In the wake of the murders, several leads soon developed which prompted investigators to turn toward the city of Philadelphia in their search for the killers. Several pieces of evidence were abandoned by the intruders as they made their getaway: a large blue suitcase containing two sawed-off shotguns, ammunition, a copy of the Philadelphia Daily News (not sold in Washington during January 1973), credit cards belonging to a William Horton of Philadelphia,8 and a brown paper bag from which a fingerprint of Clark's was later identified. Also discarded were three pistols, one of which was registered to a Eugene White of Philadelphia, who had previously reported it stolen in an armed robbery. Moody was subsequently identified as one of the perpetrators of that robbery. An eyewitness saw the getaway cars and recalled their Pennsylvania license plates. Found later on the escape path was a piece of paper on which was written "Brother Lieutenant John 38X." The name is of the type received by one who has joined the Nation of Islam and was, in fact, used by Clark. Clark and Christian were identified as being associated with the Philadelphia mosque.

Records of Clark's home telephone number revealed that on January 17 and 18, 1973, several calls were made between his Philadelphia home and the Downtown Motel in Washington, D.C. The motel's records disclosed that a man purporting to be William Horton had registered a party of six on January 17, 1973. Two handwriting experts positively identified Clark as the person who had forged Horton's signature. A call from the motel also was made to Christian's home in Philadelphia. One of the motel's employees identified Christian from a photograph and again in court as one of the persons she had seen at the motel on January 18, 1973.

Other evidence showed that Moody had purchased a used Chrysler in Philadelphia on January 16, 1973. Gasoline for this car was purchased at Exxon stations in Philadelphia, Washington, D.C., and between the two cities over the next few days. Used to buy the gasoline was a stolen credit card issued in the name of Lorrene Goode. A handwriting expert testified it was "probable" that Clark was the forger of Goode's signature.9 Further evidence indicated that Christian had used the Goode credit card in the Philadelphia area in January and February 1973.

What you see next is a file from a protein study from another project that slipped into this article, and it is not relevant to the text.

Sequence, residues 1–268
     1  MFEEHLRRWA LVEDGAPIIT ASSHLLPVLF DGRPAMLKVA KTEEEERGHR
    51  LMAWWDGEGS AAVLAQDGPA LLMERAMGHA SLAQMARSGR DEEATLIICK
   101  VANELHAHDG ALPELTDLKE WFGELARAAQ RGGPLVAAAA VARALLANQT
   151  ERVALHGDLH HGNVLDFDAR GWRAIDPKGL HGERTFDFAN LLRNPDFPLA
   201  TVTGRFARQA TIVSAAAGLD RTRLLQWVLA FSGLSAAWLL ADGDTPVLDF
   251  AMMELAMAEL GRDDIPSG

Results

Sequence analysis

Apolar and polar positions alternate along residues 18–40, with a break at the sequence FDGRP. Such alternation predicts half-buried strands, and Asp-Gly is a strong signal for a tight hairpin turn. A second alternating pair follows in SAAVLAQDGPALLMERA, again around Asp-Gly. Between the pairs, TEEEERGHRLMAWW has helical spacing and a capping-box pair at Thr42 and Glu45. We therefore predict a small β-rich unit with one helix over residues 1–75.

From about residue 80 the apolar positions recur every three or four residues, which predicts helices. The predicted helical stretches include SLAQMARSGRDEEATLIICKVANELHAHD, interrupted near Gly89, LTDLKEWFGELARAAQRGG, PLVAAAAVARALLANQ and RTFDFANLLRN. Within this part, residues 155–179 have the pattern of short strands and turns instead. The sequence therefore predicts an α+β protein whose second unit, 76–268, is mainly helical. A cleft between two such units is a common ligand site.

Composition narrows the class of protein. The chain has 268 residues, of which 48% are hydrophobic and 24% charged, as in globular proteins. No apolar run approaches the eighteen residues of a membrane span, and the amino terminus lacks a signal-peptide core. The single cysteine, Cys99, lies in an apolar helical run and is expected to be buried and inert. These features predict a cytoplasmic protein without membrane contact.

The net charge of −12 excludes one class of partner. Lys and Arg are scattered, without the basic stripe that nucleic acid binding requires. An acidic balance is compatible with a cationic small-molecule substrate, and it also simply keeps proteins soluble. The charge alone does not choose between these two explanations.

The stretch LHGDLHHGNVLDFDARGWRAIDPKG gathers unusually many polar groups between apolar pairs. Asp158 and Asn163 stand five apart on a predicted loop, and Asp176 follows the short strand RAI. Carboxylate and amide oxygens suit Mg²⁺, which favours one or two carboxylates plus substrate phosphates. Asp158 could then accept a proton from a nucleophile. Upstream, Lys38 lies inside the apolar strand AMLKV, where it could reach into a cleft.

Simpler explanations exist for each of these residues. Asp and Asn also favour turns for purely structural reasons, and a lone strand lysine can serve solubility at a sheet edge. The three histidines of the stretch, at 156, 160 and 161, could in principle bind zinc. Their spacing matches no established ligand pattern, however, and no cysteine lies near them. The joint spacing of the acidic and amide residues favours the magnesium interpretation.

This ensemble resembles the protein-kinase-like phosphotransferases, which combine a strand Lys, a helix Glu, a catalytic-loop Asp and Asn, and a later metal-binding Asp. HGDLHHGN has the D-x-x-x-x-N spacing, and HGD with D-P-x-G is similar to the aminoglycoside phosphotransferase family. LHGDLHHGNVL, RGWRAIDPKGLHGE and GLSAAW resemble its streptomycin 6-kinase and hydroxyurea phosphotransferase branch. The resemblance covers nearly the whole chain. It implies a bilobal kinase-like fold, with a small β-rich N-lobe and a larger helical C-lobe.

In the spring of 1973, the grand jury investigating the Hanafi case issued subpoenas for appellants to appear in a lineup. Moody and Clark were incarcerated in Philadelphia on unrelated charges and were transferred to the District pursuant to writs of habeas corpus. When Christian was served with the subpoena, he chose to ignore it by fleeing to Florida where he (along with codefendant Griffin) was apprehended in October 1973. At the lineup, Amina Khaalis identified Moody as one of the men she had seen in the house on the day of the murders. Two eyewitnesses identified Moody as one of the individuals seen fleeing from the scene. Clark was not identified at the lineup proceedings. At trial, Amina Khaalis made in-court identifications of both Moody and Clark. Two other witnesses identified Moody at trial.

Appellants Clark and Moody presented alibi defenses. Christian produced no testimony.


All three appellants contend that their Fifth Amendment rights to a fair trial and their Sixth Amendment rights to effective assistance of counsel were violated because the presence of James Price as a codefendant in their midst up until the eve of trial constituted a governmental intrusion into the defense camp. More specifically, they argue that because James Price had given a statement to the prosecution inculpating himself and seven others (including them), and because the prosecution anticipated his testimony against them at trial, he was the equivalent of a government agent. Furthermore, they assert that because he was made a codefendant with them, housed in the same jail with them temporarily, and participated in defense discussions with appellants and their attorneys, as did his counsel, their constitutional rights to a fair trial and effective assistance of counsel were violated.10

At a lineup held on June 7, 1973, Amina Khaalis identified James Price as one of the perpetrators. On June 21, 1973, the prosecutors met with Price and his wife in Philadelphia to discuss an agreement to testify for the government. On June 22, Price was placed in protective custody and moved to the District of Columbia (D.C.). On July 3, he gave the prosecution a detailed statement inculpating himself and seven others, including appellants Christian, Clark, and Moody, as participants in the Hanafi murders. Two days later he affirmed his written confession before the grand jury. At the start of the grand jury proceedings, prosecutor Shuker agreed that if...